930 Laurel Street
This 12-acre green space, first created in the late 1840s, reopened in 1991 as Sidney Park. The following year it was renamed Finlay Park for Mayor Kirkman Finlay, who had sought to restore the then-delapidated space in the late 1980s as part of an initiative to beautify downtown Columbia.The park featured a man-made waterfall and cascading stream that fed into a lake.
Site of Sidney Park
Algernon Sidney Johnson’s vision for the beautification of Columbia in the late 1840s was the impetus for a park on the twelve acres of land stretching from Laurel to Blanding streets and from Assembly to Gadsden streets. Trees and shrubbery were planted, and paths and roads were laid. For the next fifty years, the park, named Sidney Park in Johnson’s honor, was “a place of pleasant and healthful resort.”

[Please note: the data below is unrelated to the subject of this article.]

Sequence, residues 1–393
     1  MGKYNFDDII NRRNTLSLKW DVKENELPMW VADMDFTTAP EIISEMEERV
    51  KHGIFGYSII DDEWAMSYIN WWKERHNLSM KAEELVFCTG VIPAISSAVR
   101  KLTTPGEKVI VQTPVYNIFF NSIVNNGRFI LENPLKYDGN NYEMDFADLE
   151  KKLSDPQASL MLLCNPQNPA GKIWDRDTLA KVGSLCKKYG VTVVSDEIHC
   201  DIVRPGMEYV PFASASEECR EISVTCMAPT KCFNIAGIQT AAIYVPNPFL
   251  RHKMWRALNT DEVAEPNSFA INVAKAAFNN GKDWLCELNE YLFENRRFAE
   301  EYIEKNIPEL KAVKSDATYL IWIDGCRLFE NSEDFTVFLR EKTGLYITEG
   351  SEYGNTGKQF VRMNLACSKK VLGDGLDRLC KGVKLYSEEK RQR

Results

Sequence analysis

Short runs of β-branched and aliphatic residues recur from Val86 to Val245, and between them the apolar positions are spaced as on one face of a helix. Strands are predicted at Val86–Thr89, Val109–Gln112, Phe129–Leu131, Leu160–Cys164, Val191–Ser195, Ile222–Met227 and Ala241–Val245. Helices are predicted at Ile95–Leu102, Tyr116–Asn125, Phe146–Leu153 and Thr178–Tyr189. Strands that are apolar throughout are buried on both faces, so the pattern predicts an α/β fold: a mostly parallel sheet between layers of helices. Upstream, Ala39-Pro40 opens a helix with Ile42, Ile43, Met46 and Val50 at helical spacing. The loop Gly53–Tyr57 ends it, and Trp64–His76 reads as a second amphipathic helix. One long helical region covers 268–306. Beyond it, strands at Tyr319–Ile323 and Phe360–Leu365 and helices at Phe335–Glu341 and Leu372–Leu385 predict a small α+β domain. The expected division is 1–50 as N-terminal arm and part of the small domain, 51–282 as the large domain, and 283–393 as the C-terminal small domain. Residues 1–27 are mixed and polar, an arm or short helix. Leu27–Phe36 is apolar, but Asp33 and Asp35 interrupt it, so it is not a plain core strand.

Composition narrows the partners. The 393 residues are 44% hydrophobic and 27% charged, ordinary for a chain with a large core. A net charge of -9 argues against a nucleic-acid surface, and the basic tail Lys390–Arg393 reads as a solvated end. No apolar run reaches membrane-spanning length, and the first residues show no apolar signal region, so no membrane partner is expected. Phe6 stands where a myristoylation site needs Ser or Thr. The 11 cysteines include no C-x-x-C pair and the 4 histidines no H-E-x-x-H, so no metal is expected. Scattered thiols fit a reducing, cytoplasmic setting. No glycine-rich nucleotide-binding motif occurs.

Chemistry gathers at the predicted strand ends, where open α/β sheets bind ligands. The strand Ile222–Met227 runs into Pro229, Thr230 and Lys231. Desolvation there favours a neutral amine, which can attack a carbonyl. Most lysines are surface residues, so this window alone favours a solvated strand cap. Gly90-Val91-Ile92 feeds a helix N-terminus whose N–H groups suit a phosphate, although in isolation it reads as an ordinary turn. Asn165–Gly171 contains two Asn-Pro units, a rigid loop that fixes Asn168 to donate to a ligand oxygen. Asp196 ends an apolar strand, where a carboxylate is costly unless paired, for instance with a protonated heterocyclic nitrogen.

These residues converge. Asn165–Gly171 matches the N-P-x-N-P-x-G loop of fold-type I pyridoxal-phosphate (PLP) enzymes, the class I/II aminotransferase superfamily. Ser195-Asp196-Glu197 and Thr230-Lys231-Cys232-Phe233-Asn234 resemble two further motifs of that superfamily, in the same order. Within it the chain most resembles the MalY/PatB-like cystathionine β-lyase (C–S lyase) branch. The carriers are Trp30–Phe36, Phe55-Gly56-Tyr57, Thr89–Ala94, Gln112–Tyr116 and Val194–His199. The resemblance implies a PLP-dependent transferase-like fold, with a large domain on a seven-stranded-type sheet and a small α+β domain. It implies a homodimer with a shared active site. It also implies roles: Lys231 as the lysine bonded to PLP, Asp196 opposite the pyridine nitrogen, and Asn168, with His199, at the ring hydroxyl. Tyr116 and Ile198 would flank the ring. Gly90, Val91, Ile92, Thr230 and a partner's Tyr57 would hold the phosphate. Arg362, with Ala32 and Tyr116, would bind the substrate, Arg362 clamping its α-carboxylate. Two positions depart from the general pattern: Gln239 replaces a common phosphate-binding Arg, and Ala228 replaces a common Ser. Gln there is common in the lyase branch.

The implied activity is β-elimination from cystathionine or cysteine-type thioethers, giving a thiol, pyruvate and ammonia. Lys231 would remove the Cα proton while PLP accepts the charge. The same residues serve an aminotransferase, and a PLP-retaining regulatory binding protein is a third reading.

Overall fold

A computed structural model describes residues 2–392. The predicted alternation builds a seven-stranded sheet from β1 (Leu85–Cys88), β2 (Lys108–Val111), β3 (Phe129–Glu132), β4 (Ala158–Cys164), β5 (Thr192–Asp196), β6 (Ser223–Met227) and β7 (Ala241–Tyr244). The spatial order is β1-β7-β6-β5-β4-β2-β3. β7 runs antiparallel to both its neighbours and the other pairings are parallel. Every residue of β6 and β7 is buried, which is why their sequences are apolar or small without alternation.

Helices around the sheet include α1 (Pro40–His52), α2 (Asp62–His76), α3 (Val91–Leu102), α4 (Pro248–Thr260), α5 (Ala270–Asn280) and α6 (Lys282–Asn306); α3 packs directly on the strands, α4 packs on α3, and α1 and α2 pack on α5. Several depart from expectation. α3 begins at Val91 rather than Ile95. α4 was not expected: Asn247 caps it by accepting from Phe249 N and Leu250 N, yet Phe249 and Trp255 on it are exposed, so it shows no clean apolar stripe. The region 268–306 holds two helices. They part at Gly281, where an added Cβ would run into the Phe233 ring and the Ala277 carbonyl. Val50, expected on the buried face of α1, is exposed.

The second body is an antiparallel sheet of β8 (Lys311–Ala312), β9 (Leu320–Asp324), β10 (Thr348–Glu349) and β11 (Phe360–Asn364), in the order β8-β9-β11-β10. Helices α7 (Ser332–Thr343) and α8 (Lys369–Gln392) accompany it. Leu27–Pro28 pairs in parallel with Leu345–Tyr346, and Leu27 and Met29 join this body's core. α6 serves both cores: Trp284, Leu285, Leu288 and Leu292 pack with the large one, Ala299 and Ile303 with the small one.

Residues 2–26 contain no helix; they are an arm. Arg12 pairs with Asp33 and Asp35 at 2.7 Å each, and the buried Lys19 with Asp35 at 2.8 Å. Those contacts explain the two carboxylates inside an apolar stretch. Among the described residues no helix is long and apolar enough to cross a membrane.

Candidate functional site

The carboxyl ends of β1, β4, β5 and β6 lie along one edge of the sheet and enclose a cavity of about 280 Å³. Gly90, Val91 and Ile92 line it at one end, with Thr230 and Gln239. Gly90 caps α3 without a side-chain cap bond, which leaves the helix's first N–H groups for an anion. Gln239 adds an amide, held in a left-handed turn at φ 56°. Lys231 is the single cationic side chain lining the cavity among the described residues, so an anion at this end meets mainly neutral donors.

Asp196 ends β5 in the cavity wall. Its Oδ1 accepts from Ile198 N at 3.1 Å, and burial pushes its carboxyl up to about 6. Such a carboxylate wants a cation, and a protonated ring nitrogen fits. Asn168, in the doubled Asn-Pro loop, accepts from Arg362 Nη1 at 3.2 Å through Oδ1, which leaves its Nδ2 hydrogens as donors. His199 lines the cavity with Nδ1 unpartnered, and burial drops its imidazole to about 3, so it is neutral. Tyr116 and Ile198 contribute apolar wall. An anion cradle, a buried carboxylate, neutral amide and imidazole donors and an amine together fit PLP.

Site of Seaboard Park
Throughout much of the late nineteenth century, railroads dictated the prosperity of towns across the United States. In 1899, the Columbia City Council agreed to sell the park to the Seaboard Air Line Railroad. It wanted the land for terminal facilities and threatened to move the rail line to Swansea if the city did not comply. For the next ninety years, the Seaboard Park was a municipal eyesore. The entire green space of Sidney Park was destroyed to make way for rail lines and warehouses.